Idioms

    in store,
    1. in readiness or reserve.
    2. about to happen; imminent: There is a great deal of trouble in store for them if they persist in their ways.
    set/lay store by, to have high regard for; value; esteem: She sets great store by good character.

Origin of store

1225–75; (v.) Middle English storen, aphetic variant of astoren < Old French estorer < Latin instaurāre to set up, renew, equivalent to in- in-2 + staur- (akin to Greek staurós across and to steer1) + -āre infinitive suffix; (noun) Middle English, aphetic variant of astore < Old French estore, derivative of estorer
Related formsstor·er, nouno·ver·store, verb, o·ver·stored, o·ver·stor·ing.sub·store, nounwell-stored, adjective

Synonyms for store

Dictionary.com Unabridged Based on the Random House Unabridged Dictionary, © Random House, Inc. 2019

British Dictionary definitions for instore

store

verb

(tr) to keep, set aside, or accumulate for future use
(tr) to place in a warehouse, depository, etc, for safekeeping
(tr) to supply, provide, or stock
(intr) to be put into storage
computing to enter or retain (information) in a storage device

noun

  1. an establishment for the retail sale of goods and services
  2. (in combination)storefront
  1. a large supply or stock kept for future use
  2. (as modifier)store ship
  1. a storage place such as a warehouse or depository
  2. (in combination)storeman
the state of being stored (esp in the phrase in store)
a large amount or quantity
computing, mainly British another name for memory (def. 7)
Also called: store pig a pig that has not yet been weaned and weighs less than 40 kg
  1. an animal bought lean to be fattened up for market
  2. (as modifier)store cattle
in store forthcoming or imminent
lay store by, put store by or set store by to value or reckon as important
See also stores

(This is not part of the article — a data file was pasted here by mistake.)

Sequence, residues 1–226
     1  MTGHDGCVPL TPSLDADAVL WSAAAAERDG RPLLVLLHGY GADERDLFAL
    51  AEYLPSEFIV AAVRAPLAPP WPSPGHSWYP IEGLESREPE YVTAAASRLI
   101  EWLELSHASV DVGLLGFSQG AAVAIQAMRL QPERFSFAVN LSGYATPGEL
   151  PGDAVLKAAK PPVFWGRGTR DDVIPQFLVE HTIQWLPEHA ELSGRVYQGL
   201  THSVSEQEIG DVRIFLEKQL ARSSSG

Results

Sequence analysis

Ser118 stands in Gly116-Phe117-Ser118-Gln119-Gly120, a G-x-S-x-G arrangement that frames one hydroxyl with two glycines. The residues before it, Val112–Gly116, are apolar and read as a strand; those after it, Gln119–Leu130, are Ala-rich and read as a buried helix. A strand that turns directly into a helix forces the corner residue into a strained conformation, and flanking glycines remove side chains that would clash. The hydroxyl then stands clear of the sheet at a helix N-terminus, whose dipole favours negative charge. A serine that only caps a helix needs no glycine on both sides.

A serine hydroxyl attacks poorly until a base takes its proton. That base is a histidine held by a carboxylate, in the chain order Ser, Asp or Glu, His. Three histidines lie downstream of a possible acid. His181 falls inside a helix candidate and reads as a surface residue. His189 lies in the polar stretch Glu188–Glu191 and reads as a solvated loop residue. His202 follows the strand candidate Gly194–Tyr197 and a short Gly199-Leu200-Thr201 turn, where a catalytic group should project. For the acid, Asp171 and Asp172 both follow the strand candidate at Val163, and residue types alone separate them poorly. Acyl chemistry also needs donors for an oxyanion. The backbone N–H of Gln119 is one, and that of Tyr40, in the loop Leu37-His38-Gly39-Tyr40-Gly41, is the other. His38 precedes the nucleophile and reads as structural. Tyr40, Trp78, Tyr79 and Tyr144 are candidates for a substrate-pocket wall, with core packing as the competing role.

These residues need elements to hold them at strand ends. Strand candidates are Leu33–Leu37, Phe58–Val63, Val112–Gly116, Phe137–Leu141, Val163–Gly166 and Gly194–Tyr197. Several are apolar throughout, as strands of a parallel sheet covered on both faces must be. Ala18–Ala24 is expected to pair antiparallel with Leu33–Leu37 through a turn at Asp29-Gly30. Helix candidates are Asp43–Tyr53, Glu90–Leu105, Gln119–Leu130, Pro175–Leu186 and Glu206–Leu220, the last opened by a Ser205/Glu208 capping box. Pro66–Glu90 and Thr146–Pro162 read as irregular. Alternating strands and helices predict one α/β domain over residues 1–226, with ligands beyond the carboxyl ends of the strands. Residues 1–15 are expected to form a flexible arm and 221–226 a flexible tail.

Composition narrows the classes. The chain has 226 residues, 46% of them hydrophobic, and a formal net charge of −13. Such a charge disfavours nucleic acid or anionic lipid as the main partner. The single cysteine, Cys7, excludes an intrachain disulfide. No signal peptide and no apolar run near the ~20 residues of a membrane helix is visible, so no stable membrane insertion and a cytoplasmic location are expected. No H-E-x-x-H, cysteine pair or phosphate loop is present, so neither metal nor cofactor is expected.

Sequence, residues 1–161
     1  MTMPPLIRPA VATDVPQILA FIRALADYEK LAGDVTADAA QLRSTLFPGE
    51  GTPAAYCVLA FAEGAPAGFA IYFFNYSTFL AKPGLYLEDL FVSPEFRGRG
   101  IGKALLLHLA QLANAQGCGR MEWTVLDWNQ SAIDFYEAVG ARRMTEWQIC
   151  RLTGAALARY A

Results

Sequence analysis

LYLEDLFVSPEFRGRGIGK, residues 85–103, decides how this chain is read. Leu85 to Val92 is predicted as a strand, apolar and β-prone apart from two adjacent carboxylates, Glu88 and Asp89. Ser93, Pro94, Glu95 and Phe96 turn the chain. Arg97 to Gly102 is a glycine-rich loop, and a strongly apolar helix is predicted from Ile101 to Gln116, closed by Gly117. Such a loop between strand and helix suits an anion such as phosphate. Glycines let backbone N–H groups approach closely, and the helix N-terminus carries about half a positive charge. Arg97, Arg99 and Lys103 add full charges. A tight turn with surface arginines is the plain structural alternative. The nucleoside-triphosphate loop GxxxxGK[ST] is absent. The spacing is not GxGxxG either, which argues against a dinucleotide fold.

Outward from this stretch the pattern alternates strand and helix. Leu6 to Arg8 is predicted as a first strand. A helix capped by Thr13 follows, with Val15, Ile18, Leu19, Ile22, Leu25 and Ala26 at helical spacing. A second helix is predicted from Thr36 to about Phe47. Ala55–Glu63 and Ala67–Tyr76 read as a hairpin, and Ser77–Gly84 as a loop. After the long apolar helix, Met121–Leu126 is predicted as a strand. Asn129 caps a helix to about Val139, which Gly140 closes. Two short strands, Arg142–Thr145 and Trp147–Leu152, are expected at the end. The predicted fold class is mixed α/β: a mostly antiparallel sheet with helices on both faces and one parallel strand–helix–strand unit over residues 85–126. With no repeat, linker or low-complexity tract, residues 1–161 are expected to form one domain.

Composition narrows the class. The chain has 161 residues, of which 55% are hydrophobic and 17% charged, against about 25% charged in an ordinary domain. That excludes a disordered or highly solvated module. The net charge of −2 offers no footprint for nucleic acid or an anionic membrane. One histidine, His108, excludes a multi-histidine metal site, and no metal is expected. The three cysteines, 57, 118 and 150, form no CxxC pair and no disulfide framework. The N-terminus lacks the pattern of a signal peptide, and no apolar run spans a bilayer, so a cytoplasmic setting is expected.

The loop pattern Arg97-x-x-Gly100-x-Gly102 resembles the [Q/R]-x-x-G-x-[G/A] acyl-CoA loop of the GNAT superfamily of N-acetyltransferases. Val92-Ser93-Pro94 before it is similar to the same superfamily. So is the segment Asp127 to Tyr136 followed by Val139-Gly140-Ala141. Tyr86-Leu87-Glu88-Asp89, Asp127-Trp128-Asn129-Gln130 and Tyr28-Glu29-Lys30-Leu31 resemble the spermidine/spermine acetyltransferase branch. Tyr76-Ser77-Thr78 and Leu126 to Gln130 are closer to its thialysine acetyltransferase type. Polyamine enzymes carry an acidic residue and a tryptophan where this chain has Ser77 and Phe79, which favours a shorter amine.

Derived Formsstorable, adjective

Word Origin for store

C13: from Old French estor, from estorer to restore, from Latin instaurāre to refresh; related to Greek stauros stake
Collins English Dictionary - Complete & Unabridged 2012 Digital Edition © William Collins Sons & Co. Ltd. 1979, 1986 © HarperCollins Publishers 1998, 2000, 2003, 2005, 2006, 2007, 2009, 2012

Word Origin and History for instore

store

v.

mid-13c., "to supply or stock," from Old French estorer "erect, furnish, store," from Latin instaurare "restore," from in- "in" + -staurare, from a noun cognate with Greek stauros "pole, stake" (see steer (v.)). The meaning "to keep in store for future use" (1550s) probably is a back-formation from store (n.).

store

n.

c.1300, "that with which a household, camp, etc. is stored," from store (v.). Sense of "sufficient supply (of anything)" is attested from late 15c. The meaning "place where goods are kept for sale" is first recorded 1721 in American English (British prefers shop). Stores "articles and equipment for an army" is from 1630s. In store "laid up for future use" (also of events, etc.) is recorded from late 14c. Store-bought is attested from 1952, American English; earlier store-boughten (1883).

Online Etymology Dictionary, © 2010 Douglas Harper

Idioms and Phrases with instore

store

see in store; mind the store; set store by; variety store.

The American Heritage® Idioms Dictionary Copyright © 2002, 2001, 1995 by Houghton Mifflin Harcourt Publishing Company. Published by Houghton Mifflin Harcourt Publishing Company.